PRESS RELEASE 22nd August 2020 PRESS RELEASE 22nd August 2020 PRESS RELEASE
COUNTRY iDENTiTY RACE
WHO ARE WE?
Featuring the winners of
The Cunningham Short Story Competition 2020
Available on Amazon and Elsewhere from 22ND August 2020
Ten authors, ten stories
Ching Ching Tan “Adili”, Joyce Ker “Lotus Girl”, Michael J Keeley “Zamarad”
Nick Sweeney “I Think of Ariadne when I eat Hummus”, Brianca Hadnot “Token”
Geraldine Moorkens Byrne “A Stranger Among Friends”, Kenneth Stephens “Yonder Shore”
Mary Ellen Chatwin “We’ve Come So Far”, John Pietaro “The Other Side of the Road”
and Judith Mikesch-McKenzie “A Perfect Circle Around the Moon”
The first prize of $125 has been awarded to Michael J Keeley
The nine other stories featured are:
· In A Stranger Among Friends, by Geradine Moorkens Byrne, two exiles, one a young woman from Ghana, the other old woman from Inis Thair in Eire, strike up a conversation, remembering their childhoods.
· In The Other Side of The Road John Pietaro explores the generational reach of racism as it affects Ruby, an African American woman, and her three children.
· In Token by Brianca Hadnot, Mincah seeks to fit in at school, proudly bringing her mother’s Creole recipe to share, but she is quietly ignored in this story of both pervasive, and overt racism.
· In Adili, Ching Ching Tan, explores how a Han Chinese lecturer learns of her own unconscious racism when teaching Adili, a Uyghur Chinese, in a Public Speaking Class for non-Native speakers in America.
· Joyce Ker looks to the Chinese tradition of binding girls feet in Lotus Girl; how difficult is it to break the cycle of tradition and cultural pressure?
· A Perfect Circle Around the Moon by Judith Mikesch Mckenzie: in the shadow of The Giant Irish Deer, gone five thousand years, an American traveller feels at one with the spirit of ancient Irish myth and omen.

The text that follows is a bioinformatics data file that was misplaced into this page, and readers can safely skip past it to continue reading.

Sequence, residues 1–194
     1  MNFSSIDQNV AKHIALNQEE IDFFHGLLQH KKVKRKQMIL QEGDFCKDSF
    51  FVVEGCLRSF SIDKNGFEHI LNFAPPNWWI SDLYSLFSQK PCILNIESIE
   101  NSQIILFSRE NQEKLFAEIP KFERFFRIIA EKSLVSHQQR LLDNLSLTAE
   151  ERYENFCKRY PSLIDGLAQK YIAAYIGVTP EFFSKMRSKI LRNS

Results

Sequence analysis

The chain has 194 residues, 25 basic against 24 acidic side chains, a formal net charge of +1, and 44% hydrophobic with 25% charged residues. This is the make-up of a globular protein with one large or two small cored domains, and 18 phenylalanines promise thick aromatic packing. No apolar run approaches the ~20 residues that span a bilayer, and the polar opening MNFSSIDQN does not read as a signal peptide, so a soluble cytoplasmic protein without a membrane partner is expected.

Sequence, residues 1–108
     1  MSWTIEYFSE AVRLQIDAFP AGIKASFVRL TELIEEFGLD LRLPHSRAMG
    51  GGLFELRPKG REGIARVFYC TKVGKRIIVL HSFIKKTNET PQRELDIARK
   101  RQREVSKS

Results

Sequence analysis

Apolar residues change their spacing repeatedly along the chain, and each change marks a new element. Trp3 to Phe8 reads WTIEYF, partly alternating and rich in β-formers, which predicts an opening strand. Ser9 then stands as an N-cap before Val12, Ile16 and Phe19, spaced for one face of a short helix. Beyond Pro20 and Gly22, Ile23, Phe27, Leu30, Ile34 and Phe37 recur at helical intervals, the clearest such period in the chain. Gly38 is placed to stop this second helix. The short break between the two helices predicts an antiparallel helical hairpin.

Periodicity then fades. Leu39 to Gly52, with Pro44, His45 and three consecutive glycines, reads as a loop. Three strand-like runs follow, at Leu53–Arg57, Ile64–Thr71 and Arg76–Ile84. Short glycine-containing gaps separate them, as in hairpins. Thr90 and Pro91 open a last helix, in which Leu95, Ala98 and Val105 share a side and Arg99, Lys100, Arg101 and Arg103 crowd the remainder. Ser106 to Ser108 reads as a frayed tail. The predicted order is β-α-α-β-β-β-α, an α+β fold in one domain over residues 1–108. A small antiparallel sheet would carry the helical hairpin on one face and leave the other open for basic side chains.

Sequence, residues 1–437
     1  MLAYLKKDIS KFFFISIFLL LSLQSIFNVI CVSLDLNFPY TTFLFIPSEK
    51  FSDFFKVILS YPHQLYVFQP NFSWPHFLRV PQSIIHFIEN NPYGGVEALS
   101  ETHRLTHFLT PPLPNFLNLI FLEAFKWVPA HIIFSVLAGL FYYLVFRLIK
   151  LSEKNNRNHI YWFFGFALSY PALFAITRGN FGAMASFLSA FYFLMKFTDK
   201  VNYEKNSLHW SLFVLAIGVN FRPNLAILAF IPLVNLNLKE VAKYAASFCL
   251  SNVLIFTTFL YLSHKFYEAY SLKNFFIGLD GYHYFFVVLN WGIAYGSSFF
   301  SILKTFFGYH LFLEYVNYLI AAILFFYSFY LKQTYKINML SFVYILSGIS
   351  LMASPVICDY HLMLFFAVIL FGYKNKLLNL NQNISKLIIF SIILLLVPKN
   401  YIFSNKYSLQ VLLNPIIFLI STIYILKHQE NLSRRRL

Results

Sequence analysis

· We’ve Come So Far by Mary Ellen Chatwin; a young San Franciscan girl finds herself immersed in the deep south of Alabama, prior to her journey to archaeology, moving to Tblisi in Europe, fascinated by Homo Hablis and anthropology.
· Kenneth Stephens takes the reader back 1258 CE in his story Yonder Shore. A young woman, Roshini, flees Bandar Aswan (near Bagdad) as the Mongol invasion sacks the city. On her journey to freedom, Buddhism helps her find her own identity.
· I think of Ariadne when I eat Hummus by Nick Sweeney: love in Lefkemmi, Greece, as an “International Irishman” remembers his past.
1. For press copies in PDF format, available to media outlets for review, contact the editor, Trevor Maynard on 07966079968, or email firstname.lastname@example.org
2. Trevor Maynard set up the Cunningham Short Story Competition in honour of his maternal grandfather Robert Hamilton Cunningham (1911 – 2006), who was a bit of a raconteur, and a decent ballroom dancer. The theme for this year’s competition is “Country and Identity”.
3. The first prize in the 2017 anthology “Life Dances” went to Sandy Norris with No Going Back
The first prize in the 2018 anthology “Our World, Your Place” went to Rebecca Evans with Veiled. The first prize in the 2019 anthology “Nine Frames” went to Mike Friers for The Race. The first prize in the 2020 anthology “Who Are We?” goes to Michael J Keeley for Zamarad,